YOU hear stories, don’t you?, of completely lovestruck married couples who live together for 50 years and then in old age, when one passes away the other goes soon afterwards. It’s sort of like that for north London’s Ferodo bridges. Sort of.
Of course, it seemed silly to get sentimental about the loss of the scratchy old advertising that for so long was painted on the side of the Camden Road bridge in Camden Town last year. Why should a car brake pad firm get a free ad just because its long time presence on the bridge had created a comforting familiarity? But it did seem then, when it was replaced for a clinical indigo new look, that a tiny piece of urban history was swept away. It was painted over without much consultation about what should go in its place.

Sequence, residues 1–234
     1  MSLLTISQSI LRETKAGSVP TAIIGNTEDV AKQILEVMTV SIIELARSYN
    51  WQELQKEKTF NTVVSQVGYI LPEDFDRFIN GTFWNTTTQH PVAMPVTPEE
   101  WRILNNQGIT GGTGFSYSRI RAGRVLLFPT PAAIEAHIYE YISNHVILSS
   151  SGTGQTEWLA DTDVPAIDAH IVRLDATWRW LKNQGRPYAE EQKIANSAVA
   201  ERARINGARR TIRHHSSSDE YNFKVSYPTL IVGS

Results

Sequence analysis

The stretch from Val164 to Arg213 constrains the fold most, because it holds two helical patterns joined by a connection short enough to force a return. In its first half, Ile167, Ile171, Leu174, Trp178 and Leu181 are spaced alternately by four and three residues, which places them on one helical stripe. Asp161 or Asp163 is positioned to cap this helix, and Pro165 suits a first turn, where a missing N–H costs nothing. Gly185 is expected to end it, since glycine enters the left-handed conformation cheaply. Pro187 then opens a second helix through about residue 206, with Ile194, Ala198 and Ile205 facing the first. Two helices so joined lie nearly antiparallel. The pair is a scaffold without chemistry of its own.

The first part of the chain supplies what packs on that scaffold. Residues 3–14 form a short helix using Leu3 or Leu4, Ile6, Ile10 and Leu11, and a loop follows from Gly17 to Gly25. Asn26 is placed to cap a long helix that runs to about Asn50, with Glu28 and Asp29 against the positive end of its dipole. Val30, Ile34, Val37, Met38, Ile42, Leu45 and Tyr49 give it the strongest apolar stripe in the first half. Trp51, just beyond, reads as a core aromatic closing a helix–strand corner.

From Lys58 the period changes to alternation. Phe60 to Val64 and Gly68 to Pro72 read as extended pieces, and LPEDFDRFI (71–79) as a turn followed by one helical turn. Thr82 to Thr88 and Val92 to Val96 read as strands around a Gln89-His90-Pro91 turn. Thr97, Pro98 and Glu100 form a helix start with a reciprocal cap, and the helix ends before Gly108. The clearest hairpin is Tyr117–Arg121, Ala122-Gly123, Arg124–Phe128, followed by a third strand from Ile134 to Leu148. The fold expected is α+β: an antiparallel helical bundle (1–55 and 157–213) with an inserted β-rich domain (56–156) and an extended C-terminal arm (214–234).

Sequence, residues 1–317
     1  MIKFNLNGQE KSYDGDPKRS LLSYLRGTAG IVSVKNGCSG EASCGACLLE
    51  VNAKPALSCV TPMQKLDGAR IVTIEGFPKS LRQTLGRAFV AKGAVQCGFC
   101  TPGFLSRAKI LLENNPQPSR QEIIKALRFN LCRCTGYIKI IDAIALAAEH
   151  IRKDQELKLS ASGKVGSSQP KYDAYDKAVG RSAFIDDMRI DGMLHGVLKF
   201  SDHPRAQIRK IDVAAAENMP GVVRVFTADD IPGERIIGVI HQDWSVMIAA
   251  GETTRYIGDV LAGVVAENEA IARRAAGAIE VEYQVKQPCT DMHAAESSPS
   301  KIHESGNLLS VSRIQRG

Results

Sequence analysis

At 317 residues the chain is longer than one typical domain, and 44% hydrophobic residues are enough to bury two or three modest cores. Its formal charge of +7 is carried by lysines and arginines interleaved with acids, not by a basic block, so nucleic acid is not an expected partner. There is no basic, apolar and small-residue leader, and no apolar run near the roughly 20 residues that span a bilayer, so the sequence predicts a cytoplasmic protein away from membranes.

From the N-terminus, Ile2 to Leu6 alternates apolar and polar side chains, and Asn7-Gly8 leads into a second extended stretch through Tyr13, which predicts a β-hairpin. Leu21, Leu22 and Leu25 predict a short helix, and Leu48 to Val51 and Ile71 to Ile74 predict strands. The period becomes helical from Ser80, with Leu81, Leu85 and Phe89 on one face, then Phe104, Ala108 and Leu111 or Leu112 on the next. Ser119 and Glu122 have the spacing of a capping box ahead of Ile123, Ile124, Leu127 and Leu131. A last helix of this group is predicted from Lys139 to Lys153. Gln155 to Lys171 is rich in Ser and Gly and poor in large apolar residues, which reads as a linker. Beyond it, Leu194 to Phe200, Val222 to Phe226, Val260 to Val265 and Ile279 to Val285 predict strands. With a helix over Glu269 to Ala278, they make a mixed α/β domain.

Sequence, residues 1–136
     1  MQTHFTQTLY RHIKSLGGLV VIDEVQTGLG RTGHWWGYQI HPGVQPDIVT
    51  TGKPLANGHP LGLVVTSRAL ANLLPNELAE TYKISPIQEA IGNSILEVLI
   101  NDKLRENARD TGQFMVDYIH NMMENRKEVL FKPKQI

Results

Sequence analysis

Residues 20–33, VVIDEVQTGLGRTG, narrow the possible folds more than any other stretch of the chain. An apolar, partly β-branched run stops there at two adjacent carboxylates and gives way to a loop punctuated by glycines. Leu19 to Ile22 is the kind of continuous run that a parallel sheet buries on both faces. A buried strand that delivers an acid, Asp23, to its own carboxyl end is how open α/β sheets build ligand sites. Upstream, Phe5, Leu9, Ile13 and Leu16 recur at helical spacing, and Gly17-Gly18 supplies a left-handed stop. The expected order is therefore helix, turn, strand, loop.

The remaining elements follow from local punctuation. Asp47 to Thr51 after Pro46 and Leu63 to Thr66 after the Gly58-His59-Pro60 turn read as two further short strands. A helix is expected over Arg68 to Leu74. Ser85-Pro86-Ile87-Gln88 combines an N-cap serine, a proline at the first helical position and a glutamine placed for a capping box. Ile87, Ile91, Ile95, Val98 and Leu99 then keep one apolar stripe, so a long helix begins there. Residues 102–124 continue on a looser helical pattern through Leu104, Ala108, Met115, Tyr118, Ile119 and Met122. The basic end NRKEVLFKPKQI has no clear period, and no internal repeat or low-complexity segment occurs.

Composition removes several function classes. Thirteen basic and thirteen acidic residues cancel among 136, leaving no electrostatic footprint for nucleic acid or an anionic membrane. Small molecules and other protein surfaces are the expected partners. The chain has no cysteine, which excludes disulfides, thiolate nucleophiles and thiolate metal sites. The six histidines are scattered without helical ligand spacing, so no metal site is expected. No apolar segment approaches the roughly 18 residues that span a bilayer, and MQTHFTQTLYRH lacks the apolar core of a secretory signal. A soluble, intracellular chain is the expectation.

The blue Ferodo bridge of Camden Town gone (see before and after below), now the end is nigh for the red Ferodo bridge on the Cally Road. Plans to paint over it were confirmed last week. The term I used last time was ‘bohemian scruff’ but bohemian scruff, even if it is the right term, is hard to describe and certainly difficult to put a value on. Again, Alex Marsh’s old piece in the Guardian, ‘Why I Love Ferodo Bridges’ perhaps puts it in clearer terms when he describes the bridges as “timeless – advertisements that have been absorbed into the fabric of the cityscape and become landmarks in their own right”. ‘Save Ferodo’ is a hard argument to win, but once they’re gone…
Cally Road bridge pic: Allan Murray-Rust